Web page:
Java 7+: Deleting Recursively A Directory

Path directory = Paths.get("/tmp");
   Files.walkFileTree(directory, new SimpleFileVisitor<Path>() {
	   public FileVisitResult visitFile(Path file, BasicFileAttributes attrs) throws IOException {
		   return FileVisitResult.CONTINUE;

	   public FileVisitResult postVisitDirectory(Path dir, IOException exc) throws IOException {
		   return FileVisitResult.CONTINUE;



Is this pro or con Java 7+? This task should be a one liner. Same as reading the file content to a String. I have no idea why this is still not possible in plain Java SE.

Posted by Franz van Betteraey on February 25, 2014 at 08:34 AM CET #

How about this one liner:
FileUtils.deleteDirectory(path.toFile()); ?
Commons IO does a good job here, otherwhise you will have to encapsulate that code using FileVisitor.

Posted by Nestor on March 01, 2014 at 01:27 AM CET #

"How about this one liner:
FileUtils.deleteDirectory(path.toFile()); ?"

That's not a one liner. It is one line of code and one dependency. I am sure the FileUtils.deleteDirectory() method implementation is not one line of code. It should be.

Posted by jim on September 01, 2014 at 04:11 PM CEST #

Jim, you're wrong if you think that things like 'deleteDirectory' should be always one plain liner, with no more implementation, just like a black box.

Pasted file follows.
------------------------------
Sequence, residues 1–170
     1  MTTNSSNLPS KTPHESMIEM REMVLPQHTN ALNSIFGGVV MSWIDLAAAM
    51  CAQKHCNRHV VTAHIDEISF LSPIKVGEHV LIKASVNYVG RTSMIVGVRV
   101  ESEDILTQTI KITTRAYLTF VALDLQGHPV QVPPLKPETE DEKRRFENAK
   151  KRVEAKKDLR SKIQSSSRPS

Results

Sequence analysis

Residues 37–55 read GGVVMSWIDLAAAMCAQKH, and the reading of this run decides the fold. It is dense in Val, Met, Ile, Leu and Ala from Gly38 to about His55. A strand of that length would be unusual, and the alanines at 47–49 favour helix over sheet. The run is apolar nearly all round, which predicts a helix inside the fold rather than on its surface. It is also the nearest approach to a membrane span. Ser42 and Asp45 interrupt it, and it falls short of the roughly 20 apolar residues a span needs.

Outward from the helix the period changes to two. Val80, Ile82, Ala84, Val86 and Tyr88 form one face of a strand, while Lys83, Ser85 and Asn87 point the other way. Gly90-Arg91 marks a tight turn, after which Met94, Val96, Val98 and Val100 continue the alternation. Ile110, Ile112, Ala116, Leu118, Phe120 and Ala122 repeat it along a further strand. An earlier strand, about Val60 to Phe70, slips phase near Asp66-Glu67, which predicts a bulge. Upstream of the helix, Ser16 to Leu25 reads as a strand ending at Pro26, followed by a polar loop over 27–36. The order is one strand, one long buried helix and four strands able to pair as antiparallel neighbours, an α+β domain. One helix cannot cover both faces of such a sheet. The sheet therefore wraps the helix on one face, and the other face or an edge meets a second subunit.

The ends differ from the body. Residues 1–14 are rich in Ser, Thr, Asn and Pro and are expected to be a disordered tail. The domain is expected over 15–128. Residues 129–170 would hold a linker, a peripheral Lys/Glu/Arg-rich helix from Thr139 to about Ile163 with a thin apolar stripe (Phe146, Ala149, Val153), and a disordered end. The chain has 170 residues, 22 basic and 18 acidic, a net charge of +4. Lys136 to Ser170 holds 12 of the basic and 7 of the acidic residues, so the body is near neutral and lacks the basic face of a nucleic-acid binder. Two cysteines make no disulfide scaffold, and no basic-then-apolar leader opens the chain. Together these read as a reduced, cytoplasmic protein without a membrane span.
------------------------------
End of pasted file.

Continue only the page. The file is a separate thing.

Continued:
In order to be a good programmer you must to know the basics, and in this respect: basic Java IO: copying files using streams, then you can move to abstract that repeated code to a method that you can reuse many times.

That last part is what Commons IO have done for you, instead that you write your own code that you must test and mantain, you have a proven library with many reusable methods.

Of course that every dependency should be clearly justified for one project.

Posted by Nestor on September 05, 2014 at 02:39 PM CEST #

Why would a real programmer ever want to delete a directory with a one-liner? He must be stupid inexperienced or lazy.

You know this type of programmer must be educated on how to traverse with the Visitor pattern. Only when he writes enough times 10 lines of code instead of one line, only then he will be master.

Just kidding. It's another one of those practical things where the Java API designers didn't bother to add. Perhaps it wasn't enterprise enough..

Posted by SPIDERMAN on January 15, 2015 at 05:36 PM CET #

Also Guava's

Stack Overflow's comprehensive discussion:

Posted by Robert Fleming on January 05, 2018 at 09:44 PM CET #

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